Salaries for Northeastern’s CS master’s program graduates begin at $100,000 or more. A career that combines excellent pay with the satisfaction of “solving problems,” as Nguyen enthused, is attractive to many people, of course, not simply the limited number of folks with computer-science backgrounds. That is, demand exceeds supply. Which is why Northeastern introduced the ALIGN program.
Think of ALIGN as a bridge, a route for people who don’t know computer science to gain an understanding of the discipline. It takes these college grads—whether they majored in bio, health sciences, or Russian history—and puts them through the paces for a year. The math, computer theory, and foundational courses are all designed to get people into the two-year master’s program.
Though Edens and Nguyen came straight out of their undergraduate studies, a large percentage of ALIGN students come from various industries and are looking for a career change. Computer Science ALIGN allows them to switch careers without necessarily starting from the bottom again. A master’s degree and work experience on your resume sets tech job seekers apart from those who have chosen the boot camp route. It can be life changing. So, how is it for people unversed in the CS world?
“I was nervous,” admitted Edens. “But thanks to Theo, I realized about two-thirds of the way through the first semester that I liked it.”
Theo—Therapon Skoteiniotis, a senior software developer at Amazon before he joined the Northeastern-Seattle faculty—“made me grow, and I value that,” Edens said. “I mean, he pushed me hard. Challenged my limits.
“But I wouldn’t have made it without him.”
“He answered all my questions and explained everything well. Theo’s a great communicator.”
Faculty members like Skoteiniotis, with a long background in the industry, are integral to the Computer Science ALIGN program’s success. Yes, professors are a big part of the college experience, but who better to prepare someone for software development than a software developer? Skoteiniotis recently went back to work for Amazon to work on new projects, but he still teaches part-time on campus. This means he’ll have more wisdom and fresh perspectives to share with his students.
And after ALIGN has bridged any technical skills gap, ALIGN students head to co-op positions at big-name companies: among many, places such as Zillow, Facebook, Microsoft, and of course, Amazon.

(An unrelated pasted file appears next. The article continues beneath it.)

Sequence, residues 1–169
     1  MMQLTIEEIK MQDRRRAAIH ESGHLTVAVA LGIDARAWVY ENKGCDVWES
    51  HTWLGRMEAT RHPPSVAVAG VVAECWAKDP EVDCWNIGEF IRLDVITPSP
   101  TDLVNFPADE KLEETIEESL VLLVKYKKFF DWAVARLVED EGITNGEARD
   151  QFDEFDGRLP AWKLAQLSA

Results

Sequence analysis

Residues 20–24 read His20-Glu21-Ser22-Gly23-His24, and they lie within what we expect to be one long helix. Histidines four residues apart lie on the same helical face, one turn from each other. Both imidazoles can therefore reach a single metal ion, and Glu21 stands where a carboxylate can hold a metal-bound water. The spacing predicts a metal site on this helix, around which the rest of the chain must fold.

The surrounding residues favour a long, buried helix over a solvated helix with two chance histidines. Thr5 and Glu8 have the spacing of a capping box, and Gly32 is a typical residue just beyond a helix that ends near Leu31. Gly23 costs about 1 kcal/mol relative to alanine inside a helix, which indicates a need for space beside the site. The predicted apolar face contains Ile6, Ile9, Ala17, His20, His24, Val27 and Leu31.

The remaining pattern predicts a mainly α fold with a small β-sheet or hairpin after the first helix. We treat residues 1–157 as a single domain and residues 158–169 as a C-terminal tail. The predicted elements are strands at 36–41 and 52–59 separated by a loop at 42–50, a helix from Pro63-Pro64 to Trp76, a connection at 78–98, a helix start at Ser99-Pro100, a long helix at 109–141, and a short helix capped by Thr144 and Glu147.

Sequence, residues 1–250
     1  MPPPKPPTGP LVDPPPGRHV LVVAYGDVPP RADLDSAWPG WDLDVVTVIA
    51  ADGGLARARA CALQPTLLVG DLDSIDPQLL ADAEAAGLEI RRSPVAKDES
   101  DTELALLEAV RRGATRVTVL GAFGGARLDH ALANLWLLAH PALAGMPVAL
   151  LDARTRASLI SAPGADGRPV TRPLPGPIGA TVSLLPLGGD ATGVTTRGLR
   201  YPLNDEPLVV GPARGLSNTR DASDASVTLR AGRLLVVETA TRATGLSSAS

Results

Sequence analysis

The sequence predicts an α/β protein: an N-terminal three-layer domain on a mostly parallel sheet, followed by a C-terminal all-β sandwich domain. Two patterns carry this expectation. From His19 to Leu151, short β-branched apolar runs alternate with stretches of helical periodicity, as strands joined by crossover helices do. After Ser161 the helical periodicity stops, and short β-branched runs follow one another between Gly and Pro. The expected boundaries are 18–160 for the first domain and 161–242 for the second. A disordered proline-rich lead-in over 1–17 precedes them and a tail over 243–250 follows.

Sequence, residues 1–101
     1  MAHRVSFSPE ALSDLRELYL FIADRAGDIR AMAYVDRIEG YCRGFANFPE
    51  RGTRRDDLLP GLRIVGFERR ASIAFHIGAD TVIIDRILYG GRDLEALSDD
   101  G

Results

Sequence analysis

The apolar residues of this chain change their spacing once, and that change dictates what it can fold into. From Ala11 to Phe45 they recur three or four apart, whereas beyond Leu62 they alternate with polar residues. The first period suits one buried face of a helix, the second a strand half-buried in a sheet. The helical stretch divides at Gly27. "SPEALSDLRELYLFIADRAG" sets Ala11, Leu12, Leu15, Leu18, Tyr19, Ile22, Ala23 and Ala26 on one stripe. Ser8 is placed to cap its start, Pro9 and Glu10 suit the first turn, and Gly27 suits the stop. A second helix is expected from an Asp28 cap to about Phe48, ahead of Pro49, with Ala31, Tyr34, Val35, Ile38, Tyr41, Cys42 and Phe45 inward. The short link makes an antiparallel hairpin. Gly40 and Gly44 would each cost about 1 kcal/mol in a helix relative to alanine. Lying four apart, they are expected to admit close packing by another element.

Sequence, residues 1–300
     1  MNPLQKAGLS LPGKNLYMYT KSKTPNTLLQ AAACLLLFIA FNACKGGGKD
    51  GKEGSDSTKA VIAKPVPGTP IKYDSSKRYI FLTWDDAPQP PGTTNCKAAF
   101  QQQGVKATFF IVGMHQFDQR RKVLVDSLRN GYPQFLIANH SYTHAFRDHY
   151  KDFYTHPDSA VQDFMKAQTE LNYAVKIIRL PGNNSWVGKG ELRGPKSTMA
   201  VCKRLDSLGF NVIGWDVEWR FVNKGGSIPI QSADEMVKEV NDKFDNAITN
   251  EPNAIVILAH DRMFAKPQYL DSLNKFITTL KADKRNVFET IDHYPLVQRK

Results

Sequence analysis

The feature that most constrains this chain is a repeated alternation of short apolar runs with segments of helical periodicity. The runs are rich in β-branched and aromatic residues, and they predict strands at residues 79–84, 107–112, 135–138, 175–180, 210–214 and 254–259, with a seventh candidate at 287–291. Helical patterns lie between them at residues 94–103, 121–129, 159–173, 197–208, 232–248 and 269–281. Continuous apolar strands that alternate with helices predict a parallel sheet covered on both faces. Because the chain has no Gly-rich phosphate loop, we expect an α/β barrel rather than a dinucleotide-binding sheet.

“A lot of people in my cohort spent their co-ops there,” chuckled Nguyen, who has worked for Nordstrom since this summer. “I made enough money in my co-op that I’ll hardly have any debt when I graduate.”
She is part of a team modernizing the sales system at the retailer, moving the data services to the Cloud. Once her team is finished, the old system will be taken down and the new one will run the show.
Nguyen is on schedule to graduate in December, but she’ll continue at Nordstrom.
“They told me they wanted me to stay on permanently, in my third week there,” the Philadelphia native stated.
Her story is not unique. Many have their choice of jobs. Edens is currently weighing offers from Amazon and Google.
“I’m not sure, but I told Google I would not return to Sunnyvale” (a city outside San Jose, where they interned this summer). “It’s too sterile. I’ll probably head back east”—their family’s in New Jersey—“after finishing school next May.”
“And I loved working here at Amazon on AWS Marketplace, which sells third-party software on the cloud,” Edens said. “My team was great. They seemed committed to diversity. That’s one of the things I like about Seattle, too—I felt comfortable, especially because of the large queer/trans community.” (As for dislikes about Seattle, both Edens and Nguyen mentioned—surprise–the weather. The more things change …)
As we hurtle into the future–where software skills will be even more important and valuable–Northeastern’s ALIGN program provides security for people returning to school or changing careers. It’s a second chance for those that thought it was too late or they weren’t the right fit for tech, with little risk after graduation of not getting a job or having a big burden of student loans.
Tech changes every day; Northeastern University fills an important role in aligning employers and workers. And the rewarding path begins at the college level, where Northeastern helps people like Edens and Nguyen realize their potential and, best of all, begin a career.
Learn more about the Align Computer Science program here.